…And So To Bed
In 1882, Sheik Abdul-Razzzak Mishari Al-Adwani of Kuwait (pictured above), ordered a silver-encrusted bed.
The design was sent to Christofle in Paris calling for a bed of “dark wood decorated with applied sterling with gilded parts, monograms and arms, ornamented with four life-size bronze figures (of naked females) painted in flesh colour with natural hair, movable eyes and arms, holding fans and horse tails”.
Some 290kg of silver was needed to decorate the bed. The four naked figures were European, representing women of France, Spain, Italy and Greece, each with a different skin-tone and hair colour. Through ingenious mechanics linked to the mattress, the Sheik was able to set the figures in motion so that they fanned him while winking at him, against a 30-minute cycle of music from Gounod’s Faust generated by a music box built into the bed.
–from A History Of The Trucial States by Col. H.R. Dickinson, Eyre & Spottiswood (1932)
The bed is still in my possession. In fact, I’m lying on it as I dictate this to my scribe, while the naked figurines fan me and wink and Gounod tinkles agreeably in the background. The bed is a trifle garish for modern tastes but I’m an old-fashioned sort of fellow and anyway, it affords my concubines hours of harmless amusement.
“You know those good-for-nothings that you’re always chatting to on this interweb thing (the work of Shaitan, God preserve us from it)? Well, why don’t you set them to write a sonnet about beds?” So spoke my number 2 concubine, Ayesha, as I puffed meditatively on my opium pipe and nibbled on crystallised fruit.
A splendid idea, I think (and for which Ayesha received a small purse of uncut emeralds). So this is your task, faithless ones. A Sonnet about beds or a specific bed…not about sleep, although sleep may enter into it, obviously… but primarily about beds themselves.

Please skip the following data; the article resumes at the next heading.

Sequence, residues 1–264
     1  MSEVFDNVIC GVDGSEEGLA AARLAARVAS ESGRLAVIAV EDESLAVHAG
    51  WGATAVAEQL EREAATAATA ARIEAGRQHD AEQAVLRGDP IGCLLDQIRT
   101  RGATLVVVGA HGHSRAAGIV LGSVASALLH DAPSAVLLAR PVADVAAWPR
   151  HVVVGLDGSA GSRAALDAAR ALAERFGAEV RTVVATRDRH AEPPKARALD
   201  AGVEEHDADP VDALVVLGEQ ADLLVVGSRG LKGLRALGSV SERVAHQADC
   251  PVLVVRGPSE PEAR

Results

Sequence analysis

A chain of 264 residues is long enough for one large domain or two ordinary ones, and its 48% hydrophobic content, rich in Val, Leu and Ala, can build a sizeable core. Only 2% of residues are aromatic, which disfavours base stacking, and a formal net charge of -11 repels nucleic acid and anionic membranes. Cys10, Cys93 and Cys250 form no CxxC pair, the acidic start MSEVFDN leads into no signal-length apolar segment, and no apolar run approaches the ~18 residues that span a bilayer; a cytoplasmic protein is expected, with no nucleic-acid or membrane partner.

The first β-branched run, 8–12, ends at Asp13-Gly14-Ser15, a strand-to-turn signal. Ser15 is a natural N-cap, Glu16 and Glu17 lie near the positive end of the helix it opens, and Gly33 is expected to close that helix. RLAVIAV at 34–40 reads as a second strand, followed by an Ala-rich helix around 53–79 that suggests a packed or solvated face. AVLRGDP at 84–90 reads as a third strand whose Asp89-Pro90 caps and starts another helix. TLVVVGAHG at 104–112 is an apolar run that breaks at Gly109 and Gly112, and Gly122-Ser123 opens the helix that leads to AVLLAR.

Here’s a Spencerian Sonnet (you can tell it’s poetry because I use the word ’tis)
Sometimes a thousand twangling instruments
Will hum about mine ears, and sometime voices
That, if I then had waked after long sleep,
Will make me sleep again; and then, in dreaming,
The clouds methought would open, and show riches
Ready to drop upon me, that when I waked,
I cried to dream again.
–The Tempest 3.2.148-156
To Dream Again
I lay me down in my place of rest
The bed wherein I seek my slumber
There I wait for thoughts expressed
In dreams: no locks or chains encumber.
Night and night; nights without number
In cloudy flocks have passed the sheep
This bed of mine is no mere lumber
It is the very realm of sleep.
‘Tis Morpheus who drags me deep
In sea of dreams, where I must flounder
And if a chasm I must leap
Then after, I shall sleep the sounder.
For this is more than just a bed:
It is the place where dreams are bred.